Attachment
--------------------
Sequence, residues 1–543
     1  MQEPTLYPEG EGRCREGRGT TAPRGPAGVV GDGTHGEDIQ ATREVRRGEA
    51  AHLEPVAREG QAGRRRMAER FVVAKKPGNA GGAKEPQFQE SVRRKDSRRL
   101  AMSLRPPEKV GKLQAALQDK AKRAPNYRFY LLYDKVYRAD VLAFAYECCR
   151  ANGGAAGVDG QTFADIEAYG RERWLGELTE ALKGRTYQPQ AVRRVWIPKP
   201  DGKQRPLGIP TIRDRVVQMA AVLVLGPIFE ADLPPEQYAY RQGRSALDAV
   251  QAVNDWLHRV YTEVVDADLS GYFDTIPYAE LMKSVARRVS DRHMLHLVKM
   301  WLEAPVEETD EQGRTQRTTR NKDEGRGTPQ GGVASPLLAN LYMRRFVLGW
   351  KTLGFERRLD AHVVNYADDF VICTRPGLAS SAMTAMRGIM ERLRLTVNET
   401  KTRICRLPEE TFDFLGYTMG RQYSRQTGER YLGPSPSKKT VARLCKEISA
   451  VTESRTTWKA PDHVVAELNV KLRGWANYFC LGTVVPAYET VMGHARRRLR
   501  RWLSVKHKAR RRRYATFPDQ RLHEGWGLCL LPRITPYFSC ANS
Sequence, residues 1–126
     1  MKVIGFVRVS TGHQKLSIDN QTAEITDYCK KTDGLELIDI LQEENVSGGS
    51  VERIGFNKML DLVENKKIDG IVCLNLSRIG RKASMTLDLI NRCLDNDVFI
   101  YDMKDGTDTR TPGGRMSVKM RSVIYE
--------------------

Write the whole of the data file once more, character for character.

Sequence, residues 1–543
     1  MQEPTLYPEG EGRCREGRGT TAPRGPAGVV GDGTHGEDIQ ATREVRRGEA
    51  AHLEPVAREG QAGRRRMAER FVVAKKPGNA GGAKEPQFQE SVRRKDSRRL
   101  AMSLRPPEKV GKLQAALQDK AKRAPNYRFY LLYDKVYRAD VLAFAYECCR
   151  ANGGAAGVDG QTFADIEAYG RERWLGELTE ALKGRTYQPQ AVRRVWIPKP
   201  DGKQRPLGIP TIRDRVVQMA AVLVLGPIFE ADLPPEQYAY RQGRSALDAV
   251  QAVNDWLHRV YTEVVDADLS GYFDTIPYAE LMKSVARRVS DRHMLHLVKM
   301  WLEAPVEETD EQGRTQRTTR NKDEGRGTPQ GGVASPLLAN LYMRRFVLGW
   351  KTLGFERRLD AHVVNYADDF VICTRPGLAS SAMTAMRGIM ERLRLTVNET
   401  KTRICRLPEE TFDFLGYTMG RQYSRQTGER YLGPSPSKKT VARLCKEISA
   451  VTESRTTWKA PDHVVAELNV KLRGWANYFC LGTVVPAYET VMGHARRRLR
   501  RWLSVKHKAR RRRYATFPDQ RLHEGWGLCL LPRITPYFSC ANS
Sequence, residues 1–126
     1  MKVIGFVRVS TGHQKLSIDN QTAEITDYCK KTDGLELIDI LQEENVSGGS
    51  VERIGFNKML DLVENKKIDG IVCLNLSRIG RKASMTLDLI NRCLDNDVFI
   101  YDMKDGTDTR TPGGRMSVKM RSVIYE